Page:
Why would Thomas Buku, a 70-year old man living in rural South Sudan, take the advice of trained local volunteers leading a hygiene awareness program in his region?
The answer is trust. Thomas trusts the advice because he trusts the local volunteers.
“This is my first time attending this program,” says Thomas. “It has opened my eyes because it is only today that I have learned how to wash my hands properly. Frankly speaking, I have spent many years not knowing how to wash my hands the way it has been shown today. I am taking this message home and hope it will reach the thousands of people in my community who do not know how to wash their hands properly.”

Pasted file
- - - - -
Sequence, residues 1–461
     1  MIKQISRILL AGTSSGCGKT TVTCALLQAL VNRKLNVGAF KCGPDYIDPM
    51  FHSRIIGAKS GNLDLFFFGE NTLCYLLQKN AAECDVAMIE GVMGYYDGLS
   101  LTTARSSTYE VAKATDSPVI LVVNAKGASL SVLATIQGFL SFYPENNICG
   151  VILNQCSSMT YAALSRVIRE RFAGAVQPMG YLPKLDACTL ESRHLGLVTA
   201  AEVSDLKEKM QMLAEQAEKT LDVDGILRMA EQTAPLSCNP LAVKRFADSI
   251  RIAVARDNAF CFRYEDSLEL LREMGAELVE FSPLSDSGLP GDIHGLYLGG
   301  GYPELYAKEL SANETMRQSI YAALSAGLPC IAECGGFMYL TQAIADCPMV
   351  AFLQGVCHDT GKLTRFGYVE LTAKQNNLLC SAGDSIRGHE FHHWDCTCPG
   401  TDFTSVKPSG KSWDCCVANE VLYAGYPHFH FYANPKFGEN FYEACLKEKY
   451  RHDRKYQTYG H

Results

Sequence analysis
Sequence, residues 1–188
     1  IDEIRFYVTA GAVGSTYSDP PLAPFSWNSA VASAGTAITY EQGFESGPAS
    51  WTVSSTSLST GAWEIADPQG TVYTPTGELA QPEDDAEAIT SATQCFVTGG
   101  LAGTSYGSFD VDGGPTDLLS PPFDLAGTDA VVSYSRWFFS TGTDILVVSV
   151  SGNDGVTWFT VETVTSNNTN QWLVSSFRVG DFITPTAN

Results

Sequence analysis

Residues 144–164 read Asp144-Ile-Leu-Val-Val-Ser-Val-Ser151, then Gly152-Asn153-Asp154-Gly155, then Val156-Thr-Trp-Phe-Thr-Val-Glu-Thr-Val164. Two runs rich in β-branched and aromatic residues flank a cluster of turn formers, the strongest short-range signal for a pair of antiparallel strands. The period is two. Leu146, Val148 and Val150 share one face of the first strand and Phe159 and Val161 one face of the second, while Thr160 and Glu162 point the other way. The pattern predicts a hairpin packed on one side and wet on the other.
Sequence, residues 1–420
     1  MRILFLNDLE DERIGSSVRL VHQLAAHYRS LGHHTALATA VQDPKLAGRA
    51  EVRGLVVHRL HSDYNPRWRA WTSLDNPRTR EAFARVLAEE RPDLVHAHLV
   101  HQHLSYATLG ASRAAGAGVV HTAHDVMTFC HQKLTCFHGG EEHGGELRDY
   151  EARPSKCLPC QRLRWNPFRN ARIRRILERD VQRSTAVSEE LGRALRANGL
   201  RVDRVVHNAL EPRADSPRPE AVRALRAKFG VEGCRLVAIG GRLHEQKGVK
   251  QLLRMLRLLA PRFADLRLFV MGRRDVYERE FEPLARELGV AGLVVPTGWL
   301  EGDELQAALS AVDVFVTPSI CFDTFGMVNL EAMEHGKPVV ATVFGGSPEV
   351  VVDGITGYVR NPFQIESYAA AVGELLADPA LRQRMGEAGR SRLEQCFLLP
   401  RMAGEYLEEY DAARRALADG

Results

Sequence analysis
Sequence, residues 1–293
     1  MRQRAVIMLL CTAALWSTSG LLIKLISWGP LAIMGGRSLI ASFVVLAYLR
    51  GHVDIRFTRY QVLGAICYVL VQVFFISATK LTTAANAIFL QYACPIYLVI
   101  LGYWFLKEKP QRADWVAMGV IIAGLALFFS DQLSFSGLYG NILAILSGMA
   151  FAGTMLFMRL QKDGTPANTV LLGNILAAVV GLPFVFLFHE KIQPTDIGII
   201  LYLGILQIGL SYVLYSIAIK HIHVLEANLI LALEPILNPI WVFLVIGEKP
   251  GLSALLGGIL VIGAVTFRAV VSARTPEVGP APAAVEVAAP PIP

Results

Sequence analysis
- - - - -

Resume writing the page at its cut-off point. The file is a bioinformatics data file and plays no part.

Thomas trusts the trained local volunteers because there is a relationship between what they are teaching and what he needs. There is also a relationship between the trained local volunteers and the people, like Thomas, who are attending the workshops.
HOPE International Development Agency believes that relationships, and the trust they engender, are crucial to creating lasting, self-sustaining solutions to poverty.
Handwashing with soap is one of the cheapest, fastest, and most effective ways to help prevent diarrhea and viral diseases, according to UNICEF’s South Sudan Deputy Representative. Soap and water is an extra defence against disease that everyone, children included, can take to keep themselves healthy.